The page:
On a fine Monday morning in June 2020, investors discovered that the owner of Crest Securities Md Shahid Ullah absconded with Tk 420 million from the funds of its clients, having shut the brokerage firm.
The money was withdrawn from the account known as consolidated customer account (CCA) opened with a scheduled bank in the name of the stock broker.
Investors' money usually goes to one such account of the brokerage firm that they deal with for share transactions. The firm uses the money deposited by a client against their BO (beneficiary owner's) account to purchase shares.
The embezzlement was followed by stringent actions by the securities regulator in March 2022, including an end to the dividend payments to brokers against their holdings and to quota facility in initial public offering.
The Bangladesh Securities and Exchange Commission (BSEC) also intensified monitoring.
While examining data of consolidated accounts between February 2022 and early January 2023, it found that as many as 68 brokers siphoned money from their consolidated accounts through illegal means resulting in a deficit of Tk 4.34 billion.
The penalties forced 62 brokers (Trading Right Entitlement Certificate holders) adjust their account deficits.
Six brokerage firms have yet to adjust Tk 2.52 billion in their consolidated accounts.
How did the embezzlement happen?
Crest Securities presented forged records of share transactions against 22,000 BO accounts of its clients to the securities regulator and the investors while moving away cash from the consolidated account.
The illegal act was repeated twice in 2021 by two other firms -- Banco Securities and Tamha Securities.
Before 2021, the stock brokers had the scope of withdrawing funds from the consolidated accounts through cash payee cheques.
The unscrupulous stock brokers used cash payee cheques to remove money from consolidated accounts for their own purposes.
Many of the brokers received funds from clients but did not deposit those into the consolidated accounts. There were incidents when brokers purchased securities using clients' money for their separate accounts keeping clients in the dark.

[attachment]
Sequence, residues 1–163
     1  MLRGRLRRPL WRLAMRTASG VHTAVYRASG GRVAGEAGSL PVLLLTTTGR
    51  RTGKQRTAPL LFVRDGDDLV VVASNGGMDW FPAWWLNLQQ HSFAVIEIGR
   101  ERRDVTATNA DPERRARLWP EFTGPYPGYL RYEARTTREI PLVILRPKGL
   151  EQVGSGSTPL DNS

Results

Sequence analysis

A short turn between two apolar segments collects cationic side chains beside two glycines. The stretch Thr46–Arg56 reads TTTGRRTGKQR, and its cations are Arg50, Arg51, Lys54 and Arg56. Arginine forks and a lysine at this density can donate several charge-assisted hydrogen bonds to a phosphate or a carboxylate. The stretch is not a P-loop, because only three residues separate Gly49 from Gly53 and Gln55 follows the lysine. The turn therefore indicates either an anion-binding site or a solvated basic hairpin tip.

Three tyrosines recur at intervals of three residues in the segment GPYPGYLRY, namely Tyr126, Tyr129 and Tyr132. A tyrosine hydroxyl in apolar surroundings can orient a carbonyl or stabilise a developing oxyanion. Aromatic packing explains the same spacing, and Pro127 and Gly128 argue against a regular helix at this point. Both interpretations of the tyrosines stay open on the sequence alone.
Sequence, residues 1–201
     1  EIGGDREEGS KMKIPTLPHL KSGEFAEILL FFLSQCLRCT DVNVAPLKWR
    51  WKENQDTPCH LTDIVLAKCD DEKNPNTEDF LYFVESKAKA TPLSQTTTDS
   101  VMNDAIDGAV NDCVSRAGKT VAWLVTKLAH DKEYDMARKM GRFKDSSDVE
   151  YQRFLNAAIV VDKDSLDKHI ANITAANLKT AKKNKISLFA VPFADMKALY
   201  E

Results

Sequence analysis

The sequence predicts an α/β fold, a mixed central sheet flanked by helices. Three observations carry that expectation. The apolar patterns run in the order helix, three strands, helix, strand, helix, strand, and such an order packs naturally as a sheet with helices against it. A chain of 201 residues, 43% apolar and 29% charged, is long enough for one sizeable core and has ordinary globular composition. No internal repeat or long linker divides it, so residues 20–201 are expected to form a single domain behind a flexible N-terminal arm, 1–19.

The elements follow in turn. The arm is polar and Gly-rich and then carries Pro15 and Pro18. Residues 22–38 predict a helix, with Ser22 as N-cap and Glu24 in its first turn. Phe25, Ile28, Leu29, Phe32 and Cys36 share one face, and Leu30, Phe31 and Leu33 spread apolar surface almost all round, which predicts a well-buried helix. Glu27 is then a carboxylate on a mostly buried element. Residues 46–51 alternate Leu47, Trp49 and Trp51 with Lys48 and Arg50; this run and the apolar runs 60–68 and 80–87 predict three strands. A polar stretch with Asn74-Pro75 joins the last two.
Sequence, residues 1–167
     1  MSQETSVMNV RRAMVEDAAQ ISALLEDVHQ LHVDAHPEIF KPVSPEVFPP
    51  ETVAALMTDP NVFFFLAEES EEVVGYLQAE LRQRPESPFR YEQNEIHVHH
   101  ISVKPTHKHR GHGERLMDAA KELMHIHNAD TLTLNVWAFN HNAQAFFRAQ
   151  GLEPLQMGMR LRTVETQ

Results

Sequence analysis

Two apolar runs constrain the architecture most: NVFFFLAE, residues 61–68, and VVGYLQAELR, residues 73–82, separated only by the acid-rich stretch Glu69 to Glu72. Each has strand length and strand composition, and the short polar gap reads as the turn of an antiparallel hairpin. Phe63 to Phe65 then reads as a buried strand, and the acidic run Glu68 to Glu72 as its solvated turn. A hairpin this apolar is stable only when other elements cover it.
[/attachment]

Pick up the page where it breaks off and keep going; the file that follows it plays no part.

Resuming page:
The mismatches in the accounts came to light when the stock exchange and the securities regulator found deficits in the accounts. In other cases, clients failed to purchase securities even after depositing money against their BO accounts with vouchers issued.
The regulator issued an order that no broker would use cash payee cheques from February 25, 2021 onwards. Alongside, it began looking into the transaction records against consolidated accounts.
Upon finding deficits in 68 brokers' accounts, the BSEC also stopped renewal of the brokers' licences and suspended "depository participant" licences, needed to participate in day-to-day transactions, for as long as they fixed the problems.
The regulator said the brokers would not get dividends and would not enjoy quota facility in IPOs, repeat public offering (RPO), and qualified investors offer (QIO).
Facing the measures, the brokers adjusted the deficits in their accounts, except for six firms.
Requesting anonymity, a senior official said the Dhaka Stock Exchange lifted the restrictions for those after collecting bank statements and scrutinising the consolidated accounts.
Claims of around 25,000 clients are yet to be dissolved by three brokers -- Tamha Securities, Banco Securities and Crest Securities.
Insiders said the matter could not be solved with the brokers' assets only. Their property includes broker license and the stakes at the exchange and dividends kept held with the DSE.
The assets of the brokerage firms declined significantly after the 2010-11 stock market debacle. Now it is not possible to settle the clients' claims selling the brokerage firms.
A DSE official said investors' claims cannot be settled with the assets of Crest Securities.
DSE Managing Director M Shaifur Rahman Mazumdar said the DSE had realised Tk 90 million from Tamha Securities by selling its assets. "We are trying to realise money from Crest and Banco securities."
Another DSE official said the securities regulator had appointed a third-party auditor to assess the assets of the three stock brokers.
"The settlement of the claims is not possible without confiscating the properties of the brokers."
BSEC spokesperson Mohammad Rezaul Karim reassures that presently there is no scope of deficits in the consolidated account as the regulator and stock exchanges have intensified monitoring.
Most of the deficits detected recently resulted from misconducts that took place long ago, he said, adding no one would get away with embezzling investors' money and shares as further strict measures would be put in place in the days to come.